MEPS 411:49-60 (2010) - doi:10.3354/meps08647
Increased irradiance reduces food quality of sea ice algae
E. Leu1,*, J. Wiktor2, J. E. Søreide3, J. Berge3,4, S. Falk-Petersen1,5
ABSTRACT: The accelerating decrease of Arctic sea ice substantially changes the growth conditions for primary producers, particularly with respect to light. This affects the biochemical composition of sea ice algae, which are an essential high-quality food source for herbivores early in the season. Their high nutritional value is related to their content of polyunsaturated fatty acids (PUFAs), which play an important role for successful maturation, egg production, hatching and nauplii development in grazers. We followed the fatty acid composition of an assemblage of sea ice algae in a high Arctic fjord during spring from the early bloom stage to post bloom. Light conditions proved to be decisive in determining the nutritional quality of sea ice algae, and irradiance was negatively correlated with the relative amount of PUFAs. Algal PUFA content decreased on average by 40% from April to June, while algal biomass (measured as particulate carbon, C) did not differ. This decrease was even more pronounced when algae were exposed to higher irradiances due to reduced snow cover. The ratio of chlorophyll a (chl a) to C, as well as the level of photoprotective pigments, confirmed a physiological adaptation to higher light levels in algae of poorer nutritional quality. We conclude that high irradiances are detrimental to sea ice algal food quality, and that the biochemical composition of sea ice algae is strongly dependent on growth conditions.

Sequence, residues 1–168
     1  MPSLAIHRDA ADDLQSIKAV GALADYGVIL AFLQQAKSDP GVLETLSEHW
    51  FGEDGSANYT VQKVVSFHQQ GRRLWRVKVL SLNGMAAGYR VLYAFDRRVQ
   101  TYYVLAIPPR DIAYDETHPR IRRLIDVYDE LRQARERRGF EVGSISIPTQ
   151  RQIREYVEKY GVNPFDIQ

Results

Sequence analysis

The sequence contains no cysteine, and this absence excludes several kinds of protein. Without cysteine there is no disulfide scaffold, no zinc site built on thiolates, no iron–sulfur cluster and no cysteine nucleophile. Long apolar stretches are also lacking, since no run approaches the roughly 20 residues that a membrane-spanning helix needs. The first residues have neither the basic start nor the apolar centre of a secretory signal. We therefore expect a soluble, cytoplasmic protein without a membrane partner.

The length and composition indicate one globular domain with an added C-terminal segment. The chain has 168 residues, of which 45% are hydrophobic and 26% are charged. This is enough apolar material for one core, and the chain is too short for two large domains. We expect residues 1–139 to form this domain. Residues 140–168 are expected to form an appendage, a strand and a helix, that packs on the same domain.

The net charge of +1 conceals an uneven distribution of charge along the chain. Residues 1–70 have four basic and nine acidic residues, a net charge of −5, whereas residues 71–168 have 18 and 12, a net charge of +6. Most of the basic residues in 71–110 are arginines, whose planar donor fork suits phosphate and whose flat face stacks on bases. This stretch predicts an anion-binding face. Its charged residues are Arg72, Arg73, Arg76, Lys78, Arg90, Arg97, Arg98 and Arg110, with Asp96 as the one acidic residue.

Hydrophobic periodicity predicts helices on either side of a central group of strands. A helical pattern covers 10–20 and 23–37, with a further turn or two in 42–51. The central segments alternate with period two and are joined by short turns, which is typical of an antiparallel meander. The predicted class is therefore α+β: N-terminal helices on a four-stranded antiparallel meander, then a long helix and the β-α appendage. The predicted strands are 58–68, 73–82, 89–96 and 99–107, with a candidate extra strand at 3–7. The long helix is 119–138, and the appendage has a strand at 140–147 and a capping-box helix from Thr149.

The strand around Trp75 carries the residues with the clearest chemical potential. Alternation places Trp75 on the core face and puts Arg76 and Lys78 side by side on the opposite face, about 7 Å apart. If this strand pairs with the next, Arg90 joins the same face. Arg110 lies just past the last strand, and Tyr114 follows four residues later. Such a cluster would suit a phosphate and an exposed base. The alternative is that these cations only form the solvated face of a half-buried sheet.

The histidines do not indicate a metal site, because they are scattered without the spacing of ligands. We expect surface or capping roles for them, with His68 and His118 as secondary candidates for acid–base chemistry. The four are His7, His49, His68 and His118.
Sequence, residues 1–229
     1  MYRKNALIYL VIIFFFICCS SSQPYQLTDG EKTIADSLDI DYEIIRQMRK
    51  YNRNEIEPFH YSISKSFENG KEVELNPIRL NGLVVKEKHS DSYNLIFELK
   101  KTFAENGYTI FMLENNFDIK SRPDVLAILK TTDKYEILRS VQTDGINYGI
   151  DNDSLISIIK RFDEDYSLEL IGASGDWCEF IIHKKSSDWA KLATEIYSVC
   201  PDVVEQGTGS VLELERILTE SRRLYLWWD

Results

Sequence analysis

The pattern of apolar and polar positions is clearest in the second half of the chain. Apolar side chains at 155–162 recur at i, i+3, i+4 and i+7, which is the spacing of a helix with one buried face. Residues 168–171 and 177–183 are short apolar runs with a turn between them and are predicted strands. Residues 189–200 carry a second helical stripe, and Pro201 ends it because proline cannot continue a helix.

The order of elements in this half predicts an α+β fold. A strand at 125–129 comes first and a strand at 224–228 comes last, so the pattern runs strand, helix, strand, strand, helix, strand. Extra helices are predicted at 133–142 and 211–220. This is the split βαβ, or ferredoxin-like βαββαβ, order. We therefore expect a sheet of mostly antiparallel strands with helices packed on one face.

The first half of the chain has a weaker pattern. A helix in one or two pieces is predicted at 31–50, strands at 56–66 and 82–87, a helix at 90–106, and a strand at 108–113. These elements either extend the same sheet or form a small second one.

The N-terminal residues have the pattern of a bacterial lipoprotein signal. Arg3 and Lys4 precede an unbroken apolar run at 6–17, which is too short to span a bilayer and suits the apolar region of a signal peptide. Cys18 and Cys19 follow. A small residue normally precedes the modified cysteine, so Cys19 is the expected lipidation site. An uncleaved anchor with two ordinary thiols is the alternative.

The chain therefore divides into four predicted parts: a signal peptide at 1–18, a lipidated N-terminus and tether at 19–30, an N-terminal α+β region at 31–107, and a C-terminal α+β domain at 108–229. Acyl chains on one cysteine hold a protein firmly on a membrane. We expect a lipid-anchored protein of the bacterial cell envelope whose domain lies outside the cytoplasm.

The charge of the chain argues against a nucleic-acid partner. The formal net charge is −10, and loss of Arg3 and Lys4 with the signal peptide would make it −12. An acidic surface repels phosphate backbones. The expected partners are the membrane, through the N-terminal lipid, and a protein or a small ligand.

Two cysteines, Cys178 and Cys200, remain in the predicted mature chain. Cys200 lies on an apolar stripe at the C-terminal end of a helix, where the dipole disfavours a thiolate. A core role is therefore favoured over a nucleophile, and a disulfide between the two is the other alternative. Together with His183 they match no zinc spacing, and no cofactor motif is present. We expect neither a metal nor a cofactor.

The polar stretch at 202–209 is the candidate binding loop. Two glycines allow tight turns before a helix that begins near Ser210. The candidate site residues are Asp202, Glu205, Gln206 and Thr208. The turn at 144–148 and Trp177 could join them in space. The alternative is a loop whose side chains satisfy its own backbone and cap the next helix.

KEY WORDS: Fatty acid composition · PUFA · Ice algae · Irradiance · Arctic · Diatom · Stable isotopes
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Cite this article as: Leu E, Wiktor J, Søreide JE, Berge J, Falk-Petersen S (2010) Increased irradiance reduces food quality of sea ice algae. Mar Ecol Prog Ser 411:49-60